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Graphene, a carbon layer of a honeycomb structure, and a thickness of just one atom hailed as the material of the future, may leave the labs and hit the shops relatively soon.

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Although Nobel Prize awarding generally tend to stir up controversy, giving the 2010 prize in physics to Andre Geim and Kostya Novoselov of the University of Manchester was without a shadow of a doubt a good decision.

Stating that the two researchers invented graphene is not exactly correct. Truth is, this allotropic form of carbon has been intriguing numerous scientists since the early 70’s of the last century. The name itself was invented in 1987. Interestingly, over the past 30 years no-one managed to isolate graphene. Only in 2004, this task was accomplished by two Russians, who moved to Britain still in the USSR era. Their names were Andre Geim and Kostya Novoselov.

Geim has his own laboratory which makes the perfect space for him and Novoselov to carry out various brilliant and definitely unorthodox experiments. These crazy sessions, proudly named "Friday evenings" by the authors, hosted such great and - well - bizarre events as making a frog levitate with the use of magnets. Officially the experiment was designed to prove that "a state of weightlessness can be achieved not only in space", which may sound serious, but does not change the fact that it was precisely these findings that “won” the scientists the 2001 Anti-Nobel prize.

Graphene, a carbon layer of a honeycomb structure, and a thickness of just one atom hailed as the material of the future, may leave the labs and hit the shops relatively soon. In what form? The Americans have found graphene applicable in energy storage; apparently, graphene-enriched batteries store three times more energy than the regular ones.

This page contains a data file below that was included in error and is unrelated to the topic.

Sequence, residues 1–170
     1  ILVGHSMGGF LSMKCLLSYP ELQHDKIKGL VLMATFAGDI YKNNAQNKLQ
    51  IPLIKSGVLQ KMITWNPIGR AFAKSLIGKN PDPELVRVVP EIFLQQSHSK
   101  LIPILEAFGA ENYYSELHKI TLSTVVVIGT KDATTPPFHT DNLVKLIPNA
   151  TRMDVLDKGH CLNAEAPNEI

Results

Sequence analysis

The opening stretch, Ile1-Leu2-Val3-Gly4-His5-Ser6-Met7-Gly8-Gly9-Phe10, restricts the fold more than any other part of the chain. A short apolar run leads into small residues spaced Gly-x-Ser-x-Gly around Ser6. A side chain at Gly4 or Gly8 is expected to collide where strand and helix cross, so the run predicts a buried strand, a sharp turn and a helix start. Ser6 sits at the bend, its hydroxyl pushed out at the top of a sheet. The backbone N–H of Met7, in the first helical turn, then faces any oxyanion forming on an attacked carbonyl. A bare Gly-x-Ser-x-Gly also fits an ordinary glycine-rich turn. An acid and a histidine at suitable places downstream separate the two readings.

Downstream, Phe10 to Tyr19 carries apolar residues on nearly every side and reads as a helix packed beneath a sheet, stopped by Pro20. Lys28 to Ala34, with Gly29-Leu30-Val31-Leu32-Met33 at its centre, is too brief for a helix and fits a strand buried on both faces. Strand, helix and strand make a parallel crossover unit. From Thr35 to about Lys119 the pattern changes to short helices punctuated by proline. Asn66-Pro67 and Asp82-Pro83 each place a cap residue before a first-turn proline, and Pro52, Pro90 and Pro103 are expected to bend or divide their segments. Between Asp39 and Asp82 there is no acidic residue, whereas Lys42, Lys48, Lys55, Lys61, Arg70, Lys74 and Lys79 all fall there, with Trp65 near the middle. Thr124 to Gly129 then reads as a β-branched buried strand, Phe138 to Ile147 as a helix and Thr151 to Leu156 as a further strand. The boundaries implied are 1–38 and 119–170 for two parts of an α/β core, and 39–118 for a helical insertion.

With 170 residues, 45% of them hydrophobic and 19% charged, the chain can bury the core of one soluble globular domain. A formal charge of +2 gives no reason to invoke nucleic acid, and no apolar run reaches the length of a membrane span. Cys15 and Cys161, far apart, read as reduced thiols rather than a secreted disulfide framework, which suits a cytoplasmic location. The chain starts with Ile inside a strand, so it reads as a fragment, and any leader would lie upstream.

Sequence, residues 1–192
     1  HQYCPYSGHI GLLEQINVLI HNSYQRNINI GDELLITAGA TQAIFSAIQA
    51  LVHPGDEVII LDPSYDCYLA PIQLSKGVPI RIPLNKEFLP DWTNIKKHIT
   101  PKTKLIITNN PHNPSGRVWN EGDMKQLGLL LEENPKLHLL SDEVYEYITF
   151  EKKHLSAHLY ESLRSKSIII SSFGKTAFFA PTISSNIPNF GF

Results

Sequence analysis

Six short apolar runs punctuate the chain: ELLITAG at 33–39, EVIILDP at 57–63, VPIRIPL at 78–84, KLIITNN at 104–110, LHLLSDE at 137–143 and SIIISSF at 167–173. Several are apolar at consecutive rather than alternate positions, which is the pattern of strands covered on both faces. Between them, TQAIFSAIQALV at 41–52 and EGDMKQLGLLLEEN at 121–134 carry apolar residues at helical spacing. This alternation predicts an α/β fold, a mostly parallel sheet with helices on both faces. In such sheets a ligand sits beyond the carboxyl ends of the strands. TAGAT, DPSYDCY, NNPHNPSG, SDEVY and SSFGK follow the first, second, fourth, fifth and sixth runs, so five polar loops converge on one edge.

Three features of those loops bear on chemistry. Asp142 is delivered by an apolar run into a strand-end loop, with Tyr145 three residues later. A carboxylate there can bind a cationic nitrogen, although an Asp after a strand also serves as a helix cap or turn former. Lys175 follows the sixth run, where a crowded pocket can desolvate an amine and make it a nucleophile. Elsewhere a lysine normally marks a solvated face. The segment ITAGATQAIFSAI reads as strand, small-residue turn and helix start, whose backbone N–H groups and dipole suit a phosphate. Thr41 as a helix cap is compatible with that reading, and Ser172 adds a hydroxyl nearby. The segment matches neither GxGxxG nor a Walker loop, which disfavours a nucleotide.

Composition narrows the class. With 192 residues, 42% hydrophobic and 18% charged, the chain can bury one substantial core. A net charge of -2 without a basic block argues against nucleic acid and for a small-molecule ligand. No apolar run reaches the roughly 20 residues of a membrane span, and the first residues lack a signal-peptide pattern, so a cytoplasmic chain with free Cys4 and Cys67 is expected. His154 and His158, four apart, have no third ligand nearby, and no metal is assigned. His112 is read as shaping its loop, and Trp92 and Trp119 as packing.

Much has been talked and written about other potential applications of graphene. Scientists speak of replacing silicon in integrated circuits, constructing solar cells and praise graphene’s incredible performance records. Harry Potter fans will probably get excited when they hear that continuous attempts are being made to use graphene to invisibility cloak. Inspiring as they may be, these possible applications have one thing in common: they have all been confined to the four walls of laboratories - at least until recently.Chances are this will change due to the latest discoveries made at Argonne National Laboratory, which Lithium Battery, a California company, decided to employ in their production line.

Argonne scientists have discovered that older battery anode types made of silicon carbide (currently used are the graphite ones), which have earlier fallen into disuse because of their instability, when covered with graphene turned out to be stable, and double battery capacity. One extra side-effect is reduced battery weight - now by ca. 16%, but scientists assume that in the near future the reduction might reach the level of 50%. This means a three-fold increase of battery capacity, while maintaining the same weight.Unfortunately, first the new battery will power electric cars and power engineering; this will possibly happen in two years time. Only later they are planned to be made available for everyday use.

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